It reminds me of a time at my parents' house when my mother was trying some kind of hash brown/potato dish in the microwave.  The microwave was new to us at the time.  Now usually we had real potatoes, but I guess she was trying something new.  At any rate, the hash browns never cooked.  They kept growing and growing, and the more she cooked them, the more they expanded like paste.  We laughed so hard.  I think she had to throw the whole thing out.  Hopefully that won't happen with my book!

After writing all morning on the third day, I treated myself to a drive on the Blue Ridge Parkway and a hike to Crabtree Falls.  I wanted to get into my body in a way that only a strenuous hike can do.  The first time I hiked Crabtree Falls was with two guy friends of mine on a cold November day in 2003.  Over the years I've hiked them many more times.  The trail is 1.7 miles straight up with switch backs that carry you close to the falls and then away through the trees and then back to the rushing water once again.  At the top there's a view of the surrounding mountains.  I don't always make it to the top, but this time I did.  Whenever I'm in the area, I can't resist returning to the Falls; they are like a magnet pulling me in and restoring me.

Now it's time to get back to my sticky, expanding book and hope that I can knead it into something readable.




Saturday, July 15, 2017

Comedy is Hard

I wish I were funny.

Seriously.  Being able to make people laugh is such an awesome superpower.  Think about how humor can cheer people up, lighten a heavy mood, diffuse tension, help people relax.  Laughter is healing.  It helps people take things (and themselves) less seriously.  It provides release.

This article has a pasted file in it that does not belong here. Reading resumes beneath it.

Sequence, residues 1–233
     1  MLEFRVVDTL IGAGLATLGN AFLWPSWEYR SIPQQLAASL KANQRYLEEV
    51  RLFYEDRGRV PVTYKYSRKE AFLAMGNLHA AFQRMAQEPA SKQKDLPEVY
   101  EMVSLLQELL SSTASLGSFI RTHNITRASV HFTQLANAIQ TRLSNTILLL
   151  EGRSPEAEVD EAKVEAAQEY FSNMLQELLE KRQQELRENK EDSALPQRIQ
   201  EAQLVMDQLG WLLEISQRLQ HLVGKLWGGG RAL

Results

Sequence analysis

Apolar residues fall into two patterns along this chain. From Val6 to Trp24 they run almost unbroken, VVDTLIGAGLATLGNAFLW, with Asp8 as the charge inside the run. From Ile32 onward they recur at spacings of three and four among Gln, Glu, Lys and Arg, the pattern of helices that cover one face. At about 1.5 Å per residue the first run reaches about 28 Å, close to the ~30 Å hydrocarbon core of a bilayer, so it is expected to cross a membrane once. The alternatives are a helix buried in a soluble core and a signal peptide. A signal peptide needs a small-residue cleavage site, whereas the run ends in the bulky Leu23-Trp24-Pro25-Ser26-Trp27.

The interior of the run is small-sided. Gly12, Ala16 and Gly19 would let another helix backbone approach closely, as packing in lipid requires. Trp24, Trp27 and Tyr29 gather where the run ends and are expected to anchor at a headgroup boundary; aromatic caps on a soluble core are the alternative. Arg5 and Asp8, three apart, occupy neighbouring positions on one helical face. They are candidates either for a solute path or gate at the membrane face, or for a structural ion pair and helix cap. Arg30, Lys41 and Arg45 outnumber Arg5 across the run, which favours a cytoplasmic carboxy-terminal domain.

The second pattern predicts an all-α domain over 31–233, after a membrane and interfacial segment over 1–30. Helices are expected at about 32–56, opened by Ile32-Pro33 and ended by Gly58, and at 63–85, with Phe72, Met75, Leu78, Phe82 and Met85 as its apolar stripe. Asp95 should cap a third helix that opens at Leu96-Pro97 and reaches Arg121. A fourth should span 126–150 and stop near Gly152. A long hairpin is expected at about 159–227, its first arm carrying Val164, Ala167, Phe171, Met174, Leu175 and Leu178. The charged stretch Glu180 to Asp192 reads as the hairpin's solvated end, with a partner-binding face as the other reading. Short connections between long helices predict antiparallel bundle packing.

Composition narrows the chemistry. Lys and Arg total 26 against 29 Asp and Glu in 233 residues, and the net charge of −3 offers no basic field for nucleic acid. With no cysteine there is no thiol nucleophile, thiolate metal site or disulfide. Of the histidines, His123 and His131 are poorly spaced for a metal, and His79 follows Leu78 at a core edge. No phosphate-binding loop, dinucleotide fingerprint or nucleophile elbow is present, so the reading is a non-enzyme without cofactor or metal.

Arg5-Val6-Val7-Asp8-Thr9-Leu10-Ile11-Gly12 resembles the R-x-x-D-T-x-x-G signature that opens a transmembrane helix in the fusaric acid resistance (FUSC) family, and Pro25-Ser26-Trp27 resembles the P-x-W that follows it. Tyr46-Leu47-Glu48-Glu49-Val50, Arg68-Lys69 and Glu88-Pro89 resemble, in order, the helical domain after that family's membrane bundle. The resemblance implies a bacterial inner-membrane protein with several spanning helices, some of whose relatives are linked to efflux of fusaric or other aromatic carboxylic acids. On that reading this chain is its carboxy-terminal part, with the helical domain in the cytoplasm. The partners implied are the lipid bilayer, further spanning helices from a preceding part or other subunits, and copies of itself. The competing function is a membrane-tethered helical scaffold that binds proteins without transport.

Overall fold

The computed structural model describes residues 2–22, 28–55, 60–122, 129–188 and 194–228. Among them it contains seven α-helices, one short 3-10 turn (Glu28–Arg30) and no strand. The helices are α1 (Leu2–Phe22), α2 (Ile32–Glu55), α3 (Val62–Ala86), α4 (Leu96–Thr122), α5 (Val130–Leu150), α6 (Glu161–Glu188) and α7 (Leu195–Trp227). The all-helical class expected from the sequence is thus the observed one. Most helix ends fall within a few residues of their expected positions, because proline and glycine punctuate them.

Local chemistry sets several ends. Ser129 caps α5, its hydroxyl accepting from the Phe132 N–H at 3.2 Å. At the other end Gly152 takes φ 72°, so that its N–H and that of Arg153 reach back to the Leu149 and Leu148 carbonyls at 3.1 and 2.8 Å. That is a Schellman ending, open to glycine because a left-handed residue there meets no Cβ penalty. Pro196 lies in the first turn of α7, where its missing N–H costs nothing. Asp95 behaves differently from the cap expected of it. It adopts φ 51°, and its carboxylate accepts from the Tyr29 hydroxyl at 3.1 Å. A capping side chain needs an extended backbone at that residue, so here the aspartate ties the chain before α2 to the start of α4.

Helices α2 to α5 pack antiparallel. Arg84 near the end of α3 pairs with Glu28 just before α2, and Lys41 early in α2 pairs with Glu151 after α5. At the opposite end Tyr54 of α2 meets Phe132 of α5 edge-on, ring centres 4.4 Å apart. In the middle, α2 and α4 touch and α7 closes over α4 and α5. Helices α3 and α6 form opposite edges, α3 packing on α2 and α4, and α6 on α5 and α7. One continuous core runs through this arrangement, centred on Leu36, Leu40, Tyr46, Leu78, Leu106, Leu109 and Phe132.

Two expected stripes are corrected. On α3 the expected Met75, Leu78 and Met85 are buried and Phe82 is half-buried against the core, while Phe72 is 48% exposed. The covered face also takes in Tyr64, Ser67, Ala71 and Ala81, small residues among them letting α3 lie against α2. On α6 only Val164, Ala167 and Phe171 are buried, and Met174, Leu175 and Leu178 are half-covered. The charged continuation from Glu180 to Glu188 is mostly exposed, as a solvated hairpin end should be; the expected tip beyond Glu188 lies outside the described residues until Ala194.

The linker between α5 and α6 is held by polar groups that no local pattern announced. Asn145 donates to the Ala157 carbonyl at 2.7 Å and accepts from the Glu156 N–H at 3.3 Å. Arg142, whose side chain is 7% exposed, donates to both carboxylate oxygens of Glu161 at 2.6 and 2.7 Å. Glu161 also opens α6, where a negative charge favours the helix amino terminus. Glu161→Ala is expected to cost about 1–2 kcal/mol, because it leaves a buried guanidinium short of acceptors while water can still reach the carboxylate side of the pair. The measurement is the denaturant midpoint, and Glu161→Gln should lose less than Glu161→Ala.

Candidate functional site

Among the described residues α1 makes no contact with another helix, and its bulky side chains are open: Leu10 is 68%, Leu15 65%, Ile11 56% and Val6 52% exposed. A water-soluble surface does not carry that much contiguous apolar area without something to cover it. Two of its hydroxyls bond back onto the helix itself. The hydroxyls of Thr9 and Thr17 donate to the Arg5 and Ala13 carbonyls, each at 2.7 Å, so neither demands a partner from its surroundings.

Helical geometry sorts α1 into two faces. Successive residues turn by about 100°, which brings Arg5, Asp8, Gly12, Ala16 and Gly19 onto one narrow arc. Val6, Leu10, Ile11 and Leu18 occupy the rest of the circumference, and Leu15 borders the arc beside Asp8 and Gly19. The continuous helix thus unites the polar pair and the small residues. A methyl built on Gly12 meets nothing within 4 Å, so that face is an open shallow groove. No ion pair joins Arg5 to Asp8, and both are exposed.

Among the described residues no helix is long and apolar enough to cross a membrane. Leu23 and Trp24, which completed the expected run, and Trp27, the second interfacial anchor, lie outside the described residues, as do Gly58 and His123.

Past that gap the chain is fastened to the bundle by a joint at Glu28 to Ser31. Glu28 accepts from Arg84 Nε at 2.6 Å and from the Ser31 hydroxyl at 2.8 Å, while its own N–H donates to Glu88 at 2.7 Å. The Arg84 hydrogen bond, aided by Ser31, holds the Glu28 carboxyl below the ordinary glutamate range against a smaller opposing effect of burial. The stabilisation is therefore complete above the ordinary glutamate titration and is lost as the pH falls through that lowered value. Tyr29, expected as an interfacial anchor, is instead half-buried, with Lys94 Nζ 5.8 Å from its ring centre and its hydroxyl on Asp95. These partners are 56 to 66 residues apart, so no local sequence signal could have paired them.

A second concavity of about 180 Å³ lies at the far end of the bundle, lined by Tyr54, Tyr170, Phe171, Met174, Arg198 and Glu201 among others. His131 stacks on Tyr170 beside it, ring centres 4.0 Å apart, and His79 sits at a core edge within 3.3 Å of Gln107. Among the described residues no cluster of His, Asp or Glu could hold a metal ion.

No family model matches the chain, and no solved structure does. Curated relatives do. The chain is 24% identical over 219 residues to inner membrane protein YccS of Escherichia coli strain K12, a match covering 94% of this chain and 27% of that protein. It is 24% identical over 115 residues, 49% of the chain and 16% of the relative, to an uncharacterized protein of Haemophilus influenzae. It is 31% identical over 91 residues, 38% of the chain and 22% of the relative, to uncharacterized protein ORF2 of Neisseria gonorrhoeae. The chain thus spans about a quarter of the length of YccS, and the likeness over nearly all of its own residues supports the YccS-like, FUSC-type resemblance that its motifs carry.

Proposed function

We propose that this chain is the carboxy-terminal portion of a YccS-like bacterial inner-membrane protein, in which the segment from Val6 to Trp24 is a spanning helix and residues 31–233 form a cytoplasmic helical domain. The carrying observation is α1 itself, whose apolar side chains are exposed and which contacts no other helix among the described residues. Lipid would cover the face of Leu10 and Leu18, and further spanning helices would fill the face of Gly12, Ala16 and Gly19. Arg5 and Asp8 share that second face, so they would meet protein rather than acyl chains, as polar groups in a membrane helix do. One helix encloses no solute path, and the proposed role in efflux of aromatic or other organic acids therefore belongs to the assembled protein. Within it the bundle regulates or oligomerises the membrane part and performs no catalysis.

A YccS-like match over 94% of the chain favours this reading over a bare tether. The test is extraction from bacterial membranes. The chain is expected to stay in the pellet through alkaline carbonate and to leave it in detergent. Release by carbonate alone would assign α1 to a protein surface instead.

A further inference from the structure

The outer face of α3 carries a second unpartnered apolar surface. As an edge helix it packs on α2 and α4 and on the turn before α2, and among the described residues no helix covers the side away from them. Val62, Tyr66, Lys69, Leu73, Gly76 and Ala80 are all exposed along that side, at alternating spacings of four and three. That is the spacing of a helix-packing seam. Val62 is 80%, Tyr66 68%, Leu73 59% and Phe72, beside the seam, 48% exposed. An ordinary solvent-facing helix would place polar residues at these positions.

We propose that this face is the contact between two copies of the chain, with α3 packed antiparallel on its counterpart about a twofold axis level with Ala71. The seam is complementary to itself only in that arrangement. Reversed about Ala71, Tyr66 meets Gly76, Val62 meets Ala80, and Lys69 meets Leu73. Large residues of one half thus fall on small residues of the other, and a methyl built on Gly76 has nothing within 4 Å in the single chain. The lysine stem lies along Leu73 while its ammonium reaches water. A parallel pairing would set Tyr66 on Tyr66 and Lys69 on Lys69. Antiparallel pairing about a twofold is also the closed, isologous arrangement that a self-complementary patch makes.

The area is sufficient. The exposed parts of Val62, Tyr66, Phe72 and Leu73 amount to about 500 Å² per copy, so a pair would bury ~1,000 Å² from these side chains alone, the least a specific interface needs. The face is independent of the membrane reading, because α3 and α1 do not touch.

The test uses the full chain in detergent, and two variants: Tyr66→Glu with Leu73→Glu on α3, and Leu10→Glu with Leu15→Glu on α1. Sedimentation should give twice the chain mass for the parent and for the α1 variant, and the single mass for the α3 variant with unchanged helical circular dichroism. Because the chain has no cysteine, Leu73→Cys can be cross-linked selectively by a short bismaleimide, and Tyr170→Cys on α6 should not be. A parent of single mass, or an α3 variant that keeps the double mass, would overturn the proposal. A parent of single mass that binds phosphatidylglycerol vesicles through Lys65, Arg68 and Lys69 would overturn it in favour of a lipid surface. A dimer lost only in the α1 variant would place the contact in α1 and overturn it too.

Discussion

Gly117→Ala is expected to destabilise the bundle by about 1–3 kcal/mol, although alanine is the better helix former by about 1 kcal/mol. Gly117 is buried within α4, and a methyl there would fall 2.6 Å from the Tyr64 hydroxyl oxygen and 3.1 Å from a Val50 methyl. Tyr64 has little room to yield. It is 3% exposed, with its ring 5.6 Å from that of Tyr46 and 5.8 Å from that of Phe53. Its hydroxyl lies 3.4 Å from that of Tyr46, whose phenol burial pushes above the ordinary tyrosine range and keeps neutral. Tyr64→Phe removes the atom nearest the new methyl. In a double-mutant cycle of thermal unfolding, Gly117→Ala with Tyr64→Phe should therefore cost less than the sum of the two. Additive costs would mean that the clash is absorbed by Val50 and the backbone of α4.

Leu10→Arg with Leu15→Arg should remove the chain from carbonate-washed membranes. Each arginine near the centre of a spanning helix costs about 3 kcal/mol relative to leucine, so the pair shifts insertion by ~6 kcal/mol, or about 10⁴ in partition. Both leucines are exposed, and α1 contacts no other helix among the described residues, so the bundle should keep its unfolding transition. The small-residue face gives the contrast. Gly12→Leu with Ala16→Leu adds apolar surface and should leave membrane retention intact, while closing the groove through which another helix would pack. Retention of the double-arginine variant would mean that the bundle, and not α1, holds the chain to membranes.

Having a little humor at the beginning of a sermon (as long as it actually relates to the sermon) helps the congregation settle in and trust the preacher.  It opens people up and makes them more receptive to the deeper message that's coming.

But I'm not funny.

I try to be funny.  Jan cringes on the rare occasions when I get to make the Sunday morning announcements at Bruton parish because my brain thinks I'm supposed to be funny.  And inside my own head, I'm hilarious.  Only, the words don't come out right and I end up rushing through the rest of what I have to say because people are looking at me with a blend of confusion and compassion with a dash of irritation and I know I'm taking too long and I just want it to be over with so we can start singing a hymn and I can go back to reading the words of the Prayer Book which definitely don't require me to be funny.  Sometimes Jan reminds me on my way to make announcements, "Remember, you don't have to be funny."

I want to be funny.

But I'm not.  I'm earnest.  Earnest isn't funny.  At least not intentionally.  I did bring down the house one Sunday morning last fall.  It was the Sunday prior to our pet blessing.  It was also the Sunday before the parish oyster roast.  As I was advertising both events, I was struck with the irony that we were saying special blessings for pets in the morning and then eating oysters and shrimp in the afternoon.  What came out of my mouth was something like, "Next week we will have our annual pet blessing at the 9:15 service.  Those who have pets may bring them for a blessing, and if you're allergic to some of God's creatures, you might want to choose a different service.  In the afternoon we'll have our oyster roast where you can eat some of God's creatures like oysters and shrimp."  It just popped out!  Judging from the roar of laughter, most people seemed to be amused, but I was afraid I might be fired for being too ridiculous during announcements. And there were a few looks of horror at the thought of eating our beloved pets.